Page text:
The Threat of Religious Cults

The Threat of Religious Cults

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The Threat of Religious Cults

Cult is a new movement for a new religion. In other words it is a formal ritual excessive belief. Cults are created due the established religions' lack of fulfilling the emptiness of the individuals. However apart from this innocent explanation of cult it would be more appropriate to explain a cult as a group or movement which has an excessive devotion or dedication to some person or to an idea and which is unethically manipulated by the group's leader for his own advance which can not be justified in any case.
Sociologists tend to distinguish cults from more established religious organisations based on such factors as group size, membership characteristics and types of beliefs. As the time passes, by the human's awareness is developed due to the enlightenment by the science and knowledge none of these beliefs are enough to keep the individuals in one track so that even the technology works for parting individuals from each other. The reason why do people join cults is the search for fulfilling their psychological and social emptiness.
The importance of the individuals' psychology is the key to the aim for the cults both in the childhood and in the adulthood. In his research David Holmstrom quotes a former coroner's thought of the case "I think adults who get involved in cult groups are looking for identity, for belonging, recognition, love and discipline just like kids are, but it shows they were just as vulnerable as kids in street gangs." (Holmstrom, 1997, p.2) From the given quotation the idea of the lack of psychological and social support is clearly understood.
More over Yvonne Walsh and Robert Bor examined the psychological consequences of involving in these cults. They call this the new religious movement. They have investigated the relationship between the personality, the family and also the group membership. In their research Walsh and Bor suggests that as an alternative explanation to the personal changes of the young people is "joining a cult, may simply be the young person becoming more open about their emotions and changing loyalties, thus the movement into an alternative religious group may be a move towards independence from the primary family (Melton & Moore, 1982 in Walsh & Bor, 1996, p.2). From this point of view which can be relied on it can be easily said that the aim towards the cults are mainly occur from these sort of rebels against the families' dominance over the children which is another social and psychological reason for people joining cults.

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Another reason for why people join cults is their being exposed to "brainwashing" by either a social group or by a manipulative person. As it is mentioned in the introduction that the real aim of a cult is to manipulate a group of people for the leader's or that organisation's advance rather than the group members. In order to persuade and deceive people these leaders or the organisations whose intentions are wicked apply brainwashing to the people at any time they have the opportunity. For these people Walsh and Bor also indicates that "Their activities are often described as 'brainwashing' and their methods charged with altering members personalities." (Walsh & Bor, 1997, p.2)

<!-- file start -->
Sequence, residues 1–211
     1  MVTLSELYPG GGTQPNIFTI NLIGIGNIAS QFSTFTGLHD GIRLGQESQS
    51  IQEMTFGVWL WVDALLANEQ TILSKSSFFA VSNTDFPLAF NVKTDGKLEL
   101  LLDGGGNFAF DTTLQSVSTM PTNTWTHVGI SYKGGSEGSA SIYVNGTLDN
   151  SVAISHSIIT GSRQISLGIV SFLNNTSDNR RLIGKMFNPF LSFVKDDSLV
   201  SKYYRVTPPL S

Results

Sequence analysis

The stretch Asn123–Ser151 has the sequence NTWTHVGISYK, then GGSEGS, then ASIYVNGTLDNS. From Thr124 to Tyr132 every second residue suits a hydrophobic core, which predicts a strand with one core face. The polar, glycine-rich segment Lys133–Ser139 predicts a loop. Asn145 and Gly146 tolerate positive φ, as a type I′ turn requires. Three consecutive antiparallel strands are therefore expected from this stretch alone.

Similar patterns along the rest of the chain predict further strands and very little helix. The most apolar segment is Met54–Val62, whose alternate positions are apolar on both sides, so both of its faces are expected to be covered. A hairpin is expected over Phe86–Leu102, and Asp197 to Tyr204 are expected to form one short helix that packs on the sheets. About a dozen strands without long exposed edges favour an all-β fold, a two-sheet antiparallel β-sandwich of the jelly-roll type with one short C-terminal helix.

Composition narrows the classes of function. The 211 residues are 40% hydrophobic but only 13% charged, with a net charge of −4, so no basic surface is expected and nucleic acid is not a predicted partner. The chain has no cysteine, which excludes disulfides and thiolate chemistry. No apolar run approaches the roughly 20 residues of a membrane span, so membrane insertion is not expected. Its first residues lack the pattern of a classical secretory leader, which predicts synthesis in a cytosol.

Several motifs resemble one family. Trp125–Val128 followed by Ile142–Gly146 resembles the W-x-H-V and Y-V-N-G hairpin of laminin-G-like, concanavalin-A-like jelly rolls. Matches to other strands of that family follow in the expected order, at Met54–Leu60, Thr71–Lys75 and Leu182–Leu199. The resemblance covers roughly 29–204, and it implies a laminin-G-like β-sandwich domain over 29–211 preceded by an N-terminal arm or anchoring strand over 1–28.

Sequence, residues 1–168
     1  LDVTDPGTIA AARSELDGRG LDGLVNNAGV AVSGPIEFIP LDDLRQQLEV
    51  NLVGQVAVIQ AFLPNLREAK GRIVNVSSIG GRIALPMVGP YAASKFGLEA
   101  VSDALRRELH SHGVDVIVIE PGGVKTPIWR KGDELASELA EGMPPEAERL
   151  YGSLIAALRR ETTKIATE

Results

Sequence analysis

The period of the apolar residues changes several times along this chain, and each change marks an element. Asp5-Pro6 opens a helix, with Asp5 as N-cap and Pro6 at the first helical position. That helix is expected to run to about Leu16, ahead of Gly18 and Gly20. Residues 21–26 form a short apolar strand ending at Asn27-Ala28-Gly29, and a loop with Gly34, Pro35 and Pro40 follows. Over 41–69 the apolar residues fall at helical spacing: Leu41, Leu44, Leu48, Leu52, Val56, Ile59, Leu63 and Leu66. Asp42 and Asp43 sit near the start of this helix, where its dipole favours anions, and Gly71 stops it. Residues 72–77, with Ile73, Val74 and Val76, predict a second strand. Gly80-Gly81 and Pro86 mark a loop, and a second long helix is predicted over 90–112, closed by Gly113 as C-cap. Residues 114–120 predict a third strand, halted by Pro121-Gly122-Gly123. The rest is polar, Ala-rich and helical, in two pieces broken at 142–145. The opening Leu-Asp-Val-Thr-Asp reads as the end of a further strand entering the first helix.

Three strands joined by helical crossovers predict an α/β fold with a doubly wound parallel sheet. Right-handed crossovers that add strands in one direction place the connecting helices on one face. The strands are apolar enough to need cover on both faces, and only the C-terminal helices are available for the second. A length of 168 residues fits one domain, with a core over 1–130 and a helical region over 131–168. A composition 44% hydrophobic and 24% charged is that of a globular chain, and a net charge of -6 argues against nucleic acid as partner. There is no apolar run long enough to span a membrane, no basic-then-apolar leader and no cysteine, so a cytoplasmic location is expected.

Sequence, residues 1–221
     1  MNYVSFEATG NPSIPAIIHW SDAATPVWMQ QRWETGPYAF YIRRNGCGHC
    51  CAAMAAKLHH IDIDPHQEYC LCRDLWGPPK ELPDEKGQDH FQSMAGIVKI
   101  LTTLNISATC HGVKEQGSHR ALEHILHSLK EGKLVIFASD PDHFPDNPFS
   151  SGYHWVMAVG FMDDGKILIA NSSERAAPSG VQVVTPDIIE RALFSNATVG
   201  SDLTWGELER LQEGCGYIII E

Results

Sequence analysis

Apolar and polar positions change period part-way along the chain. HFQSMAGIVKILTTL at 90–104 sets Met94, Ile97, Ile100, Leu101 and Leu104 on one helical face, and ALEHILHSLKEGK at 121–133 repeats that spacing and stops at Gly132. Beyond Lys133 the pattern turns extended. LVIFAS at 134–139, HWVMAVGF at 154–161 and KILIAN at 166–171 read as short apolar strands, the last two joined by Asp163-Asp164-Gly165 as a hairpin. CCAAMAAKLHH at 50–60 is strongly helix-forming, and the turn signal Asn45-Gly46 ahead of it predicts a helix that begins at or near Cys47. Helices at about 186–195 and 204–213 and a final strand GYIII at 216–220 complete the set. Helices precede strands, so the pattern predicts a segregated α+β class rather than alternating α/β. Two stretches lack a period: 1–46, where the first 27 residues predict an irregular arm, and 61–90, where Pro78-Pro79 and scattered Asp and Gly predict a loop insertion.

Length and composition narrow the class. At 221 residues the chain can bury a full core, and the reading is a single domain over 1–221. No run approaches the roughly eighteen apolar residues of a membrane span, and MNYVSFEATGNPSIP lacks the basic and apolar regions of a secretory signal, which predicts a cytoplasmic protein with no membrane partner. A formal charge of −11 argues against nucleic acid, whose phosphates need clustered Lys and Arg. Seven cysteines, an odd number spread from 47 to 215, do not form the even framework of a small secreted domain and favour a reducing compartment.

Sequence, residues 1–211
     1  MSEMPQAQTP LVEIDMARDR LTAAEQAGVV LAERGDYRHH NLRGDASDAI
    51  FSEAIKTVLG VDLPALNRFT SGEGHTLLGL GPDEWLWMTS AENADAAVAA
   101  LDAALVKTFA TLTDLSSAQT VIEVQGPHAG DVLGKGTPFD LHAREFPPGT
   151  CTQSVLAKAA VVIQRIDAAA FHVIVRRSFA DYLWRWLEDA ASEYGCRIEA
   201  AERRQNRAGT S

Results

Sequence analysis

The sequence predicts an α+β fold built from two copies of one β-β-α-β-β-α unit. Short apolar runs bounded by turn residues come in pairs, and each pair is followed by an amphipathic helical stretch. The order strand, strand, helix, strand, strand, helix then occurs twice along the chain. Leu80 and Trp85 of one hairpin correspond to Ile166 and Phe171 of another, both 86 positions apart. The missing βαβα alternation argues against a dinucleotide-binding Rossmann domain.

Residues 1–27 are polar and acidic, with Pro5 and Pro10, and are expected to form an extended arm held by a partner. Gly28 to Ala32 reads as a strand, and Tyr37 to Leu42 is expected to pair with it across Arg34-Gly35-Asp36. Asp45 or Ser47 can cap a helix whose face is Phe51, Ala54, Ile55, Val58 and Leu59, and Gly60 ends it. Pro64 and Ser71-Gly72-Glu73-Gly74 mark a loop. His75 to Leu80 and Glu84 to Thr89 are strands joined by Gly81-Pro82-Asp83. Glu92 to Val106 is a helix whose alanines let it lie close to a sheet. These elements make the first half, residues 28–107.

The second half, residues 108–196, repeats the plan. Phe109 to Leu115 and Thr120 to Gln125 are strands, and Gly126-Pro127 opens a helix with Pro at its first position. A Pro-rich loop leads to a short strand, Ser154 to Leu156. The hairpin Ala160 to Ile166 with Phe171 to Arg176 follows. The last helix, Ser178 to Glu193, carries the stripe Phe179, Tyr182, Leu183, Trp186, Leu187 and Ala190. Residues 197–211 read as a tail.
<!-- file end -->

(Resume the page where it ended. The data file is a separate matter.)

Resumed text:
These methods of brainwashing are not very strange to us since in our society it is quite familiar to us that the cults affect and manipulate especially the young people in their way of thinking. Moreover these cults especially in our country mostly dwelled upon the Islam itself. Due to the conditions of our country the publishing method of course differs then the western countries. The meetings, videotapes, and audiotapes are the main instruments of the cults in order to apply the method of 'brainwashing' in almost every moment of the individuals whole day. Only by this way they achieve their goals of making one to believe and obey them.
In conclusion, throughout the points, which are mentioned and given in details there are two major reasons for people to join cults, these are psychological and social reasons which are both connected to each other almost in every sense. And what one can easily understood from the given information is that the cults are not beneficial for the members but only for the group leaders or those social organisations. Their target groups are the people whom are in a search of fulfilling the emptiness in their lives, because it's easy to manipulate these people rather than the ones whose mind are set. What should the families and the individuals do about this threat not applying pressure but paying more attention to their interests and sparing more time to them. Sparing more time should be much better then losing them totally. Trying to help them, to make them feel that they are also adults and their ideas are important so as the others in the family can reduce the emptiness of the child. When this achieved there would not be any adult who is in emptiness since he or she would grew up in a healthier environment. Please do not let make your children find the happiness other then theirs.




Bibliography:

REFERENCES

1. Walsh, Yvonne; Bor, Robert. The Psychological Consequences of involvement in a new religions movement or cult. Counselling Psychology Quarterly March 1996, Vol. 9 Issue 1, p.47, 14 p, 3 Charts

2. Holmstrom, David. Cults; Internet (Computer Network) & Children. Christian Science Monitor, 04. 03. 1997, Vol. 89 Issue 89, p 12, 1c

3. Webster's Third New International Dictionary (unabridged, 1966)
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